This is a guest post by Amir Szitenberg, postdoctoral researcher in my group at the University of Hull, and main author of @ReproPhylo
I find the ReproPhylo approach to experimental phylogenomics very exciting, and can see how it would lead to better, in depth understanding of phylogenomic datasets, regardless of their size. An example for this is described in mine and Dave’s preprint, written together with Max John and Mark Blaxter. As for the implementation of reproducibility tools in ReproPhylo, they are meant to be completely the opposite: quiet and unexciting. Something that allows us to focus on the good stuff. However, since this is my first ever blog post on ReproPhylo, I will focus here on reproducibility aspects of the programme. The ReproPhylo environment has reproducibility features that are built into the python module, others that are the benefit of ReproPhylo’s Git integration, and an extra layer of reproducibility is gained by distributing ReproPhylo as a Docker image.
ReproPhylo on its own (well, with its python module dependencies)…
Any pipeline that uses scripts is a step forward toward reproducibility. However, in addition to having a concise scripting syntax, ReproPhylo achieves several additional goals.
Provenance (information about the data inheritance chain that produced a certain result) is a tough one. It is very easy to produce a very nice tree, but then have doubts regarding which version of the sequence alignment produced it. ReproPhylo circumvents the problem. A single item, the Project class object, contains all the datasets, including inputs, intermediate and outputs, with IDs associating them with the process that produced them. If you have this object in hand, you have provenance. You do not have to match the tree file to the alignment, or to the sequence version used in it. Reporting methods will make the relationships among the Project components clear to the user.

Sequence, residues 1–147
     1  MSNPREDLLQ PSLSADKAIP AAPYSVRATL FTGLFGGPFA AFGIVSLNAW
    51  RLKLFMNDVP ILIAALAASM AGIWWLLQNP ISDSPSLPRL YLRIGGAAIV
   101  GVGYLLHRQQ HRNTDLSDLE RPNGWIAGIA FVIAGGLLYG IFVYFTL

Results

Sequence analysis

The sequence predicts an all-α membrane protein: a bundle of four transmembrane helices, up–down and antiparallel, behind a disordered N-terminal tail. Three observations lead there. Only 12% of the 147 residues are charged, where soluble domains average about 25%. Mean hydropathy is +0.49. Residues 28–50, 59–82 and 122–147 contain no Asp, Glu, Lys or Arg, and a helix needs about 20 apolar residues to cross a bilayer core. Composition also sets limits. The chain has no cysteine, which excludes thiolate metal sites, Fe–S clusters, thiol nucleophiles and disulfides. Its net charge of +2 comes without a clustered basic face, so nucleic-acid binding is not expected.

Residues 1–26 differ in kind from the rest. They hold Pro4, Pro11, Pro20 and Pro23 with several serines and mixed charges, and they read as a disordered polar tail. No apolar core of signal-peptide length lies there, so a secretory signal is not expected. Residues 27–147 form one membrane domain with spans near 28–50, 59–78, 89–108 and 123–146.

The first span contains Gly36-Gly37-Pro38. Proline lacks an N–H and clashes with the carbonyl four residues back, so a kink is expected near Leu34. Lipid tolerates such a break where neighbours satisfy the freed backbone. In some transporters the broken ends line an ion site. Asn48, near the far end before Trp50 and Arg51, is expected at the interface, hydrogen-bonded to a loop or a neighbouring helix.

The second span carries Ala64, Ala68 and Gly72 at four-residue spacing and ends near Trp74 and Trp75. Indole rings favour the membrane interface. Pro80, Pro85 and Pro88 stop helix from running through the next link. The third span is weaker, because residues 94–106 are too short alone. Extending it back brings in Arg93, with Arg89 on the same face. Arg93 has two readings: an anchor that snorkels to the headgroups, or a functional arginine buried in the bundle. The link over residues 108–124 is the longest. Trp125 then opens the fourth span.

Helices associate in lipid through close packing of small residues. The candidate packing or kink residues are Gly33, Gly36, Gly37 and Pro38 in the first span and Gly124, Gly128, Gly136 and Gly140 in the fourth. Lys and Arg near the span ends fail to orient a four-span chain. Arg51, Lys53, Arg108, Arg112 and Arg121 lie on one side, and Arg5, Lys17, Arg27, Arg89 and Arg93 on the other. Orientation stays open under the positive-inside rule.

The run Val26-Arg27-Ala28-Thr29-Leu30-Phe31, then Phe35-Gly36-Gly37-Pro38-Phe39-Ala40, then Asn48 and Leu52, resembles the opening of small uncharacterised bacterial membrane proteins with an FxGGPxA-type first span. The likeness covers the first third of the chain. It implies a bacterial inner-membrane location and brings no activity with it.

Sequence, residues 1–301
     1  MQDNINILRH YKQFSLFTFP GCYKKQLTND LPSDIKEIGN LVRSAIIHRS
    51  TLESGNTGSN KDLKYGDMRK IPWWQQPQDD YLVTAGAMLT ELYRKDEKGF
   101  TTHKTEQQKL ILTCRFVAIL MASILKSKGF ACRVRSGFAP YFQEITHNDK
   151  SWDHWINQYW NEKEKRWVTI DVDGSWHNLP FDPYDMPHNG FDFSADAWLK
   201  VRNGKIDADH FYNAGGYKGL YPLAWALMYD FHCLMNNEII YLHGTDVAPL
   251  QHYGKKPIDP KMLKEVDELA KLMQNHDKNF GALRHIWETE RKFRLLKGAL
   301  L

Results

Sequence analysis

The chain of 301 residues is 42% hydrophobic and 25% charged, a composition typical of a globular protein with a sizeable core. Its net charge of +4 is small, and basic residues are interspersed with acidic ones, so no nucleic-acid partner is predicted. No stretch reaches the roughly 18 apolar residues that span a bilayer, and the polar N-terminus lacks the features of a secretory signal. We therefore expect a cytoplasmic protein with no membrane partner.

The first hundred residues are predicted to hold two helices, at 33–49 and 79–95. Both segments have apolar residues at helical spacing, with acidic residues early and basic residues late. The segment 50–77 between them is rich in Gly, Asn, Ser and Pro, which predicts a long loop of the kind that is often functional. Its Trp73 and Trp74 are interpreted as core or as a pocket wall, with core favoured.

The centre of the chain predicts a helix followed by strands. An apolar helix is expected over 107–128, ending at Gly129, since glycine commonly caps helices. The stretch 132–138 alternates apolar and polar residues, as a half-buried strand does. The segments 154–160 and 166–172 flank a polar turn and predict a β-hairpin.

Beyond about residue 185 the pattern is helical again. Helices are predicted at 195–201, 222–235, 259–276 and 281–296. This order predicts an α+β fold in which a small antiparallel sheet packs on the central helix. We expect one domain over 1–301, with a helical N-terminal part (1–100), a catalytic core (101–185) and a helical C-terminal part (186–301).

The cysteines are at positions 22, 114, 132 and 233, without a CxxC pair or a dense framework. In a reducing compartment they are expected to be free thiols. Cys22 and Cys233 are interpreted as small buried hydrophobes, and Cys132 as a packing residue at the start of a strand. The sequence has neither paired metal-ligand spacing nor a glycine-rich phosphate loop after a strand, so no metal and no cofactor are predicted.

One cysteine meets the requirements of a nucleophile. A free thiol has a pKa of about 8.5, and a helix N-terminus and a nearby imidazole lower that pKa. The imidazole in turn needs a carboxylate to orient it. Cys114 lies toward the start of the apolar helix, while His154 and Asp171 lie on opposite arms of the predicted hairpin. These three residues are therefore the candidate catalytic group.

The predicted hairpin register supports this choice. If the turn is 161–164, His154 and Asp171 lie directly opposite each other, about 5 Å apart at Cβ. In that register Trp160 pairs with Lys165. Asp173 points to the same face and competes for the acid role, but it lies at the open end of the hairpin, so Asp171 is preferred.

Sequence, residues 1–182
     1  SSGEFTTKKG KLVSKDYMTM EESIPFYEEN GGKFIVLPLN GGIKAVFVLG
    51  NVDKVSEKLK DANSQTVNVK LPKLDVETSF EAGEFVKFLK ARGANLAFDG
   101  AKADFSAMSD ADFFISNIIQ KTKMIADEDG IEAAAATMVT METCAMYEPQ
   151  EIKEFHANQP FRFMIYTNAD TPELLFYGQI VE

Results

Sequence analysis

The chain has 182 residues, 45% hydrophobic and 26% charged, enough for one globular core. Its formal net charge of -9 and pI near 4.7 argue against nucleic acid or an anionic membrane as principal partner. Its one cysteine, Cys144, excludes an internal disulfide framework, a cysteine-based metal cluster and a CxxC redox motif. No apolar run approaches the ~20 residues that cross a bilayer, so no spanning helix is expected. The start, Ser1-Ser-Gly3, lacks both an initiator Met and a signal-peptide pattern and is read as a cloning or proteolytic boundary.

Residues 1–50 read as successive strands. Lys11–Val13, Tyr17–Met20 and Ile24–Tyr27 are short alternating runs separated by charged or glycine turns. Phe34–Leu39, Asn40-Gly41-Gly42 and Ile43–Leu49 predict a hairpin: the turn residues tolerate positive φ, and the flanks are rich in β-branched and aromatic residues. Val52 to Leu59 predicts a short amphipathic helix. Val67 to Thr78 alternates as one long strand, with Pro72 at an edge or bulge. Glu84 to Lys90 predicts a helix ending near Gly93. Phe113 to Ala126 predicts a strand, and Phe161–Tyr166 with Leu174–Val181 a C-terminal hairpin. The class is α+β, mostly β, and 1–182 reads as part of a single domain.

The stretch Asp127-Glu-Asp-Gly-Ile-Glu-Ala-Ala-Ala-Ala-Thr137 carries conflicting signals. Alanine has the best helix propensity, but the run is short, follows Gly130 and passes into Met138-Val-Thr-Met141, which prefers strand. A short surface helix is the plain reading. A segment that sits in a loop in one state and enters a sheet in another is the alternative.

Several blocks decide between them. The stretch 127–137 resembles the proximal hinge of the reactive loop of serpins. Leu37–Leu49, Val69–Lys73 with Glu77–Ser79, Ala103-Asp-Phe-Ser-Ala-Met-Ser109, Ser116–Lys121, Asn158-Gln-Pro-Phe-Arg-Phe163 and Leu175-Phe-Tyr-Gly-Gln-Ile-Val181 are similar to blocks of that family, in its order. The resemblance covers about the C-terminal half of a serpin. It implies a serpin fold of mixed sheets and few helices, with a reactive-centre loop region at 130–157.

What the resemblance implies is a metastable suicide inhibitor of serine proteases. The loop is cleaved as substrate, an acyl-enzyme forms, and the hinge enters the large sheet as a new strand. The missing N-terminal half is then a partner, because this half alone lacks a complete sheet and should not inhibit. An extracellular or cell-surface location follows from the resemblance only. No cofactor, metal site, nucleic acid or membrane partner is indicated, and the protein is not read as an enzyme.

Persistence, repeatability, and extendibility
The Project object is automatically and continuously pickled. ReproPhylo uses the cloud python module, with its ‘pickling’ functionality, to save the Project object as a binary file. ReproPhylo will update the pickle file whenever an action is taken (eg, sequences are aligned). This file secures the persistence of the analysis as it can always be read again to review or continue the analysis, or to access the data in it. ReproPhylo utilizes commonly used phylogenetic analysis programmes (see manual) that can be easily and flexibly controlled with built in functions. However, since data are always maintained as standard Biopython and ETE classes (SeqRecord, MultipleSeqAlignment and Tree) they can be accessed without ReproPhylo, and can be directly plugged into pipelines utilizing these modules, thus releasing/ reading data to or from any programme that is not yet integrated. The original data objects, nested within the Project, can be tweaked or utilized in place, or instead, there are Project methods to produce copies to work with, keeping the original as is. Interfacing without dependency on Biopython and ETE can be achieved by Project methods that produce or read text files in any of the formats compatible with Biopython and ETE.
Figures and tables
ReproPhylo stores the metadata of the sequences, as read from GenBank files or CSVs. As the metadata appears there, so it will on your trees. There is reduced opportunity for human error in the transference of metadata from data bins to trees or built in analyses and steps (e.g. trait matrix for Bayestraits), as long as it was fed in correctly initially. Species names will be the same as in the original GenBank record, or as set in the metadata spreadsheet, no matter if you decide to add them to your figure post hoc. Need to change a species name or some other metadata? Change your spreadsheet, the change will propagate to your figures.